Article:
Fit to Print


Our Daily Correspondent


A 1965 ad for Silly Putty, plainly advertising its ability to pick up newsprint.

On Monday, the Times’s David Carr had a gloomy prognosis for the fate of print newspapers. He wrote,

It’s a measure of the basic problem that many people haven’t cared or noticed as their hometown newspapers have reduced staffing, days of circulation, delivery and coverage. Will they notice or care when those newspapers go away altogether? I’m not optimistic about that.

Carr and many others are alive to the societal, artistic, and human implications of this loss. All this aside, it means lost jobs. You don’t need me to say that, or to belabor the passing of an era. These things are too huge to contemplate.

So you start thinking about the stupid things. The oblong bags newspapers come in. What will people use to clean up after their dogs? Where will they get rubber bands? Will “train-style” folding become a lost art? And what about Silly Putty?

Silly Putty can’t really be called a major casualty in this overhaul, but it is something that will be decisively rendered extinct. It’s a retro toy now—if you can even call something which was so obviously the byproduct of industrial experimentation a “toy”—but with the death of the newspaper, one of its primary functions (if you can call it a function) will be nullified.

Silly Putty should be placed in a time capsule immediately on grounds of sheer weirdness. Try explaining it to an alien: “It’s putty, but it’s … silly. It’s sort of flesh-colored. It has a really distinctive chemical smell. It stretches, and snaps, and turns into a puddle. If you roll it up, it bounces like a ball. Oh, and it picks up newsprint. Then it gets really grubby and you keep it in a plastic egg, forever.” If Silly Putty’s origins are clear enough—it was a World War II–era attempt to address rubber shortages—its ability to transfer newsprint is more mysterious. How did someone figure this out? And how did anyone decide it was a selling point?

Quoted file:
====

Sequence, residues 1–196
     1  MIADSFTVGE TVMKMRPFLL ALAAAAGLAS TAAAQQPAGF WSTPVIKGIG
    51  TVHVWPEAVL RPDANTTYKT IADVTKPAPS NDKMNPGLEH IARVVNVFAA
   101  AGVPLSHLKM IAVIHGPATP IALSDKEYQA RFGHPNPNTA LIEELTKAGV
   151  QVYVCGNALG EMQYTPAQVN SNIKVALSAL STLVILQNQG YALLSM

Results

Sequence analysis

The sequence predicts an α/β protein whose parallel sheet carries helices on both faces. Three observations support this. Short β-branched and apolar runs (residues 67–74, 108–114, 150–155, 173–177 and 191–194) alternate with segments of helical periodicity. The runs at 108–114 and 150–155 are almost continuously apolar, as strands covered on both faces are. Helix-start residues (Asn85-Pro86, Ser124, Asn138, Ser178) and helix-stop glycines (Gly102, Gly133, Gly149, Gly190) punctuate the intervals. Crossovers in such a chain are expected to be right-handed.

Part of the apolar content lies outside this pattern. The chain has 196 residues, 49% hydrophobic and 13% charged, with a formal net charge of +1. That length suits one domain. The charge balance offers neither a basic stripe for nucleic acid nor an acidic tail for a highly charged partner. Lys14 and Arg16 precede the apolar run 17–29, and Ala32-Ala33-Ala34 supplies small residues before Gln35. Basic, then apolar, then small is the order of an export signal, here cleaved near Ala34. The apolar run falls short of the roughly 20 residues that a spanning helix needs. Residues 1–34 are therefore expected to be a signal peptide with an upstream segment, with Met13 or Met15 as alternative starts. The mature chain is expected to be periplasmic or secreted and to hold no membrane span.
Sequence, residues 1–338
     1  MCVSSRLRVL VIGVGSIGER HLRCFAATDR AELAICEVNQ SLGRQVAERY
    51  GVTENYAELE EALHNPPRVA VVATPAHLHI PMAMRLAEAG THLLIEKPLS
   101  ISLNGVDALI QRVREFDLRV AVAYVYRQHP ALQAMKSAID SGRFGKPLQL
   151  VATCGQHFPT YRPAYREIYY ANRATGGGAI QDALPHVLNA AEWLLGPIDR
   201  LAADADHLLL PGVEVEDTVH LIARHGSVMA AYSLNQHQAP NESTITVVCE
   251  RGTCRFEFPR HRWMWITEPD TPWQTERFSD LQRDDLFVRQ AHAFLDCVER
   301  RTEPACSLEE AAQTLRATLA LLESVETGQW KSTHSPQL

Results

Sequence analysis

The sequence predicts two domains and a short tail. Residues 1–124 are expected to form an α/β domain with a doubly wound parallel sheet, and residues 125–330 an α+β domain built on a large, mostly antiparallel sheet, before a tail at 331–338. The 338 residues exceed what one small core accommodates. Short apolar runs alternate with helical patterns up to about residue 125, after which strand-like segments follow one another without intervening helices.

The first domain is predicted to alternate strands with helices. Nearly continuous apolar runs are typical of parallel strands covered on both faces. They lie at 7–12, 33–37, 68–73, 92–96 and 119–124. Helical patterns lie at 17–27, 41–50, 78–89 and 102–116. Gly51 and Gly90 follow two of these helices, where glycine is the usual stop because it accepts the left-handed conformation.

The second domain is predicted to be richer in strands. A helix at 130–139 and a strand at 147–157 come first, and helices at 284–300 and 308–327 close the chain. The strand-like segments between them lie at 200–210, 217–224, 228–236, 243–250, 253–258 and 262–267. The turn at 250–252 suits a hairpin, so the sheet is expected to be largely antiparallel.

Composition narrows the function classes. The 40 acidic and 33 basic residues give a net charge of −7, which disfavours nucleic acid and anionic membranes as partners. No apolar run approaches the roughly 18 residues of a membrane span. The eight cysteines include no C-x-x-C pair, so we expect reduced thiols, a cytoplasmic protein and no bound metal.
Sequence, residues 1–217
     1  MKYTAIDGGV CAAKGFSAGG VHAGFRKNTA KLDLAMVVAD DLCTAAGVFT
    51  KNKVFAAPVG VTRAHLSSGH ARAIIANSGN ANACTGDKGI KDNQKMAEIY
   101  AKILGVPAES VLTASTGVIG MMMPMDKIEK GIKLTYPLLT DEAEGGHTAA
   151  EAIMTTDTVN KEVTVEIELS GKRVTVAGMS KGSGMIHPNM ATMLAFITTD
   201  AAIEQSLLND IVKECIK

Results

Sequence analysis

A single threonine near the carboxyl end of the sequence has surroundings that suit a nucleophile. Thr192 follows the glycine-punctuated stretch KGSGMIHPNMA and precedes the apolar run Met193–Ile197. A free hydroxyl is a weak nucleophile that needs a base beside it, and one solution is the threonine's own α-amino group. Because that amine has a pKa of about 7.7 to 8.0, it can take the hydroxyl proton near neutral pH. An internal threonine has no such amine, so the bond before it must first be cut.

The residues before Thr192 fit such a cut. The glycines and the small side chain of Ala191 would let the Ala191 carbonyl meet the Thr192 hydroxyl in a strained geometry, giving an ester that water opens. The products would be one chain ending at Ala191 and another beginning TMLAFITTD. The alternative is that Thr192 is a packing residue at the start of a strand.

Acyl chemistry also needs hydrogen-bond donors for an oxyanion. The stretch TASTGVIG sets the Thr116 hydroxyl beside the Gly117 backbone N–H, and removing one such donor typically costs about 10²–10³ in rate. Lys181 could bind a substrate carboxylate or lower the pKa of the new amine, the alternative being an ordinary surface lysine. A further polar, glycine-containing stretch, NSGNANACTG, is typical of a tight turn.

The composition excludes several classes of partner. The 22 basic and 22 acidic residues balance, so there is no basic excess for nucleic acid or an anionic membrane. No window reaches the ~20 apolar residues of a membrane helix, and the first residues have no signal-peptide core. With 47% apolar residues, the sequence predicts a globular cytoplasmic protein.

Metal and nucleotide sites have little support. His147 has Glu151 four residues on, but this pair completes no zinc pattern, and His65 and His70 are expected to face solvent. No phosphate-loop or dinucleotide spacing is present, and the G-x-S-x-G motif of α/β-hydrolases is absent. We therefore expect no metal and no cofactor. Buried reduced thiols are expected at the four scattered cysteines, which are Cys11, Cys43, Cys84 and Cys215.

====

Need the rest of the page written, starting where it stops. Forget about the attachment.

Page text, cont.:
And yet, from the get-go, it was. When this sea captain (you just have to stop asking after a certain point) extolls its manifold virtues in an early commercial, newsprint-transfer is listed prominently:

In fact, it’s been a while since Silly Putty was really able to copy newsprint well: it worked only on petroleum-based inks, and in recent years, inks have increasingly been made from soy products. Nevertheless, today I purchased an egg, my first. (I don’t mean the first I’ve owned; Silly Putty was one of those things that just sort of … materialized. It’s not what any kid would request, or spend his own money on.)

It’s true: When I pressed it to Page Six, I could barely make out the name “Antonio Banderas”—and that was boldface! When I folded the mirror image back into the Silly Putty, it showed barely the faintest smudge of gray.